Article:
Holy Cow!

19 Apr
Prize-winning Hereford at the Southern Arizona International Livestock Association Show in  Tucson. Mr. Thurber appears second from right. Undated.

Prize-winning Hereford at the Southern Arizona International Livestock Association Show in Tucson. Mr. Thurber appears second from right. Undated.

I’m currently processing a large collection of personal and business papers from a Southern Arizona rancher. The pictures you see in this blog post come from that collection. The records’ creator, Harold Thurber, was at the forefront of the Arizona cattle breeding scene for almost 50 years. He was one of the first ranchers to begin raising Herefords in the area. Mr. Thurber was involved in a myriad of organizations in Southern Arizona and his records are a rich resource for those organizations as well as ranching and other topics in 20th century Arizona history, including: the Southern Arizona International Livestock Association fair, Pima County Fair, Patagonia-Sonoita Rotary Club, Catalina Savings and Loan, 4-H, University of Arizona Foundation, and many others.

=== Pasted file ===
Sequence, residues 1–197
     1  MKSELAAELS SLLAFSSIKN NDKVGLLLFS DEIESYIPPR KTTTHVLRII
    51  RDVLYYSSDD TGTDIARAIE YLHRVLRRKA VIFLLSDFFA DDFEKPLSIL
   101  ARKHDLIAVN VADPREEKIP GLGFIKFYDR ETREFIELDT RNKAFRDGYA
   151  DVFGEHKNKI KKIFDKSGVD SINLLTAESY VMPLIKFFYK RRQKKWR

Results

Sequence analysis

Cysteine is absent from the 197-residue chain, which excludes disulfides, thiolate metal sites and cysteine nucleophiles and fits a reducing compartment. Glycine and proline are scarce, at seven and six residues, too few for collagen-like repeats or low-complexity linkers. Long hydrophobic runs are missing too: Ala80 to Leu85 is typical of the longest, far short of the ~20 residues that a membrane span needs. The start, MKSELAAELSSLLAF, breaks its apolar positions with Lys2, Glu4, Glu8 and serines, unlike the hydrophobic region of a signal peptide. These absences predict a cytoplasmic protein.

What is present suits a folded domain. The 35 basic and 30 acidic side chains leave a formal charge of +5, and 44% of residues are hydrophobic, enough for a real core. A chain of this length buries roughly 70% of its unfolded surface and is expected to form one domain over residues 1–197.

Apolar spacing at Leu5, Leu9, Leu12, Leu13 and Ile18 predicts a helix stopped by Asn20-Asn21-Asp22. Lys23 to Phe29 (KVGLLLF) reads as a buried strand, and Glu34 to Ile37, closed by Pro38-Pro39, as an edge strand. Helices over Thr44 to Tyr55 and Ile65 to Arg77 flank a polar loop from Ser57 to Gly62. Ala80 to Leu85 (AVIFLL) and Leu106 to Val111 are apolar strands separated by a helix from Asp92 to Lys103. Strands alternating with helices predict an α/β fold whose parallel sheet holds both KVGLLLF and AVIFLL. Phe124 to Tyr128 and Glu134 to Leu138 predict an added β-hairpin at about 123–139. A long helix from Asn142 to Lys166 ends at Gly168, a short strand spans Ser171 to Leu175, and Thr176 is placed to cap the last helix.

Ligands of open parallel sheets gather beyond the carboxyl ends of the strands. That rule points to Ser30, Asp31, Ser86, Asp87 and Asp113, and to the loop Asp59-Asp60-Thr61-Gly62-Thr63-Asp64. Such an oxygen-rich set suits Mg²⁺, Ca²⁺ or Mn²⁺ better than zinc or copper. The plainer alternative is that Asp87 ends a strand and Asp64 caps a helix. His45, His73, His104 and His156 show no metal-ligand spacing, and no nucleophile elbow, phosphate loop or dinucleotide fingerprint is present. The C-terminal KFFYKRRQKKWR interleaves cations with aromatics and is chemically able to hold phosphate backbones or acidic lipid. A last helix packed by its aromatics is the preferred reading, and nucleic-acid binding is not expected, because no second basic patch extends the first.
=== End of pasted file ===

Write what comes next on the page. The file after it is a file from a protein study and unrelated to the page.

I am new to Arizona, so this collection has introduced me to a lot of information regarding Arizona history and geography. However, I love names and naming traditions, so one of my favorite parts of organizing these records is seeing the cows’ names recorded in the breed records. So, for your reading pleasure, I have compiled a list of my top ten favorite cow names (so far):

10. Lady Matador the 25th (a good heifer, according to the notations)
9. Diamondette
8. Mischief Lad
7. Beau Bonny
6. Lula D. Domino (I don’t know what the ‘D’ stands for)
5. Fedora
4. Fedora’s Anxiety (a calf of Fedora’s, obviously)
3. Super Larry
2. Miss Major
1. Reality Randolph

If you’re interested in Arizona ranching, here are a few of the other great resources at AHS that you can check out:

MS 106: Bourne papers, 1930-1985 (bulk 1967-1978).
These are the personal papers of Eulalia Bourne, a rancher, teacher, and published author who wrote about her experiences in rural Arizona.

MS 007: Aguirre papers, 1859-1976 (bulk 1907-1975).
The Aguirre family was involved in the ranching and freighting businesses in Red Rock, Arizona.

PC 032: DeBaud photograph collection, 1907-1961 (bulk 1907-1948).
This collection contains some great photographs of ranch life and rodeos.

So Much to be Done: Women Settlers on the Mining and Ranching Frontier, edited by Ruth B. Moynihan, Susan Armitage, and Christiane Fischer Dichamp.

1979 Junior Showman Winners

1979 Junior Showman Winners

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